Microsoft licensing execs may soon allow developers to truly profit from the
work they do cleaning up and improving Microsoft's CE and Rotor code, the
head of Microsoft's Shared Source program Jason Matusow told Integration
Developer News.

Currently, CE and Rotor developers can view, debug, modify, distribute --
but not commercialize -- their value-add modifications, Matusow said. That
is called a "non-commercial derivative license," in Microsoft parlance.
"Today, we are working on defining terms for a 'full commercial derivative
license' for Rotor and CE developers," Matusow said. "We would like to start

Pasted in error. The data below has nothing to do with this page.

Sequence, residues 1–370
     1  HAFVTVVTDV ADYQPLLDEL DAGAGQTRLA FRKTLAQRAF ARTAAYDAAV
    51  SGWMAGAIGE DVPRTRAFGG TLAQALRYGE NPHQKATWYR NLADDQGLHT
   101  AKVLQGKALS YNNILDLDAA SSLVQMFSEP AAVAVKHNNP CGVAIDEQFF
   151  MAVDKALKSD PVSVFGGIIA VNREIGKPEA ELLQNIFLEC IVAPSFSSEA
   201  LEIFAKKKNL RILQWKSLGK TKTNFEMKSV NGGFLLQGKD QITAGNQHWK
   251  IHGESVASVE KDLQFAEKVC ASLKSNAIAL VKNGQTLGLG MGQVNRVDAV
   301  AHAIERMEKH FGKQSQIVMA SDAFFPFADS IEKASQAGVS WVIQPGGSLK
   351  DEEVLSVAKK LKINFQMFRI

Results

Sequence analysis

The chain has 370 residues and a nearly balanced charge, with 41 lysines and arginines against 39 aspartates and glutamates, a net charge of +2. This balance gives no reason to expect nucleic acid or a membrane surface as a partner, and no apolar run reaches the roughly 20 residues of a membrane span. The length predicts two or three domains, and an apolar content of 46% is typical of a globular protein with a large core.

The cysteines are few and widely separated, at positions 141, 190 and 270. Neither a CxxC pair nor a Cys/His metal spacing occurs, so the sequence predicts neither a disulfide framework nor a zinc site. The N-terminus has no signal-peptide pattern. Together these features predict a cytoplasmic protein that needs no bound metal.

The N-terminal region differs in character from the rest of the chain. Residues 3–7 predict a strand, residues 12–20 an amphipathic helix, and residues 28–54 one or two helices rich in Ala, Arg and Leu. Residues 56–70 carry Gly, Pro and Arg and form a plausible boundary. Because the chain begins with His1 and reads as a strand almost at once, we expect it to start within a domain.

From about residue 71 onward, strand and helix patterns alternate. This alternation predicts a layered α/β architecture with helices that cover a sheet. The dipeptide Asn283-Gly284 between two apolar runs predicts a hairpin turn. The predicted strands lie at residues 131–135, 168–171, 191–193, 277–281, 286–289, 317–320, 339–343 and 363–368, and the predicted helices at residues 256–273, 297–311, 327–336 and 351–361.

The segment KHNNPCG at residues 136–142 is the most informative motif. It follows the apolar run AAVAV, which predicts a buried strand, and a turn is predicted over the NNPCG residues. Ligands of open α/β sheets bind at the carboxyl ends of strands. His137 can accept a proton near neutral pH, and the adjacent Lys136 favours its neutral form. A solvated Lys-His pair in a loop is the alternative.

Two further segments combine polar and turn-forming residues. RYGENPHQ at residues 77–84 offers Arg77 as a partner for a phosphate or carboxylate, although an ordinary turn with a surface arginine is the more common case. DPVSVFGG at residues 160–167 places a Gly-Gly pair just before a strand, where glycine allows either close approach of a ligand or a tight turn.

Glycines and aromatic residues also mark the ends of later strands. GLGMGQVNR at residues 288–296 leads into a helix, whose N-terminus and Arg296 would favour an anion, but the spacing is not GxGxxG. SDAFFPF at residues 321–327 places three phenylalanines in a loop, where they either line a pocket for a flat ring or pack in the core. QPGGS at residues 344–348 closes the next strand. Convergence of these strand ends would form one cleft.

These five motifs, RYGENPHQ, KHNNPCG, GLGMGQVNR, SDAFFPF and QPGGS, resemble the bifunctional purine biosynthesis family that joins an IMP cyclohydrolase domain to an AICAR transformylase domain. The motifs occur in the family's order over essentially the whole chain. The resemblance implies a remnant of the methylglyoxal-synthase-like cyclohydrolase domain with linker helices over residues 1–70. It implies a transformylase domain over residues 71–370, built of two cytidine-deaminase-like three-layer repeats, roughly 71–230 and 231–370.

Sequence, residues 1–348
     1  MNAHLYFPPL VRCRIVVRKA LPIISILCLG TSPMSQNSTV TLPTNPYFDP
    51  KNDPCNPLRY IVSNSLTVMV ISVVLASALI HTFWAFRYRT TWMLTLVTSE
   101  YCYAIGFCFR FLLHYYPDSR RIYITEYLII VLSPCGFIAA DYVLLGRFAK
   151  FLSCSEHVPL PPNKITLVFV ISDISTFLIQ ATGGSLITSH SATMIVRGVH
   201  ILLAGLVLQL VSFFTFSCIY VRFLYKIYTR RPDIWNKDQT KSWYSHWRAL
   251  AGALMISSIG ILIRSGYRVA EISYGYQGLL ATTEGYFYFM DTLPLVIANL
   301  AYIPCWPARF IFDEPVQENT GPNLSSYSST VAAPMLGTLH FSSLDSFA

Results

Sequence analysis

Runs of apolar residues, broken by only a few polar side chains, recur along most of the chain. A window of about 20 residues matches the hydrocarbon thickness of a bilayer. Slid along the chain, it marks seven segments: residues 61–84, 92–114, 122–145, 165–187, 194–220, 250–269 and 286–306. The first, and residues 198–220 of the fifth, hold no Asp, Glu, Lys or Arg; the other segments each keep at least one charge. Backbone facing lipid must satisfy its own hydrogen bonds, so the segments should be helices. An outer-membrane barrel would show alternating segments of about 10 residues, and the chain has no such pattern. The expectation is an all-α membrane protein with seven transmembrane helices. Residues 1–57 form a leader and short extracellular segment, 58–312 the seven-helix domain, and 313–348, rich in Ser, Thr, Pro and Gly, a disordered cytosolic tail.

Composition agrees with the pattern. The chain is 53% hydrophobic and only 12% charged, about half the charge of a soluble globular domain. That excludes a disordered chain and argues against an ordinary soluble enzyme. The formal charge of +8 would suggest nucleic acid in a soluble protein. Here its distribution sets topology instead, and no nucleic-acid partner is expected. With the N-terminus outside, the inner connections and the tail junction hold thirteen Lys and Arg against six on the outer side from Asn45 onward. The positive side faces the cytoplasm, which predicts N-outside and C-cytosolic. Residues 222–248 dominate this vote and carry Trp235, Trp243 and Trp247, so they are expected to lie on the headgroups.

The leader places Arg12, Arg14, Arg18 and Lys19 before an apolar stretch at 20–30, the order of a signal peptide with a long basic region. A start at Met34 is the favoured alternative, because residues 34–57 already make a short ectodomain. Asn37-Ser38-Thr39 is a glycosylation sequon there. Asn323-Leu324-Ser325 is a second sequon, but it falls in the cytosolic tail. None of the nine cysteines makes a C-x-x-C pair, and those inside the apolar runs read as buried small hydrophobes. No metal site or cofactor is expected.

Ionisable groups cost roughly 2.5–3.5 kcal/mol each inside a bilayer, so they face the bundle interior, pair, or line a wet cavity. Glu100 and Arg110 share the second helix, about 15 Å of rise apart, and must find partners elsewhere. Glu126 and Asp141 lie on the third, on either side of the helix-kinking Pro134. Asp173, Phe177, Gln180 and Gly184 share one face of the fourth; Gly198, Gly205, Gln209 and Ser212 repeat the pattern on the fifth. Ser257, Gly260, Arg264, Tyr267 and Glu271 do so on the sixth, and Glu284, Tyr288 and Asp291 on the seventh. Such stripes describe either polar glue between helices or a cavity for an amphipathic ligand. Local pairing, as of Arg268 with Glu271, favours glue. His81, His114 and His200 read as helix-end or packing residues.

having some of our Shared Source code base under a commercial derivative
license so that a developer could change the code -- even just re-write one
bit, put his name on it, and sell it."

The new licensing, Matusow admitted, would be another approach toward
seeding the market. But, he added that new technologies need many approaches
to help them grow. "We have already given C#, and CLI [Common Language
Interface] to the ECMA standards body, so we are relinquishing control of
that technology to the standards body," he said. "New licensing would be
another approach. We want to see an interesting technology grow, and so
[with Rotor and CE] we want to put it out there [to the developer community]
under commercial licensing and let a thousand flowers bloom."

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Tom Shelton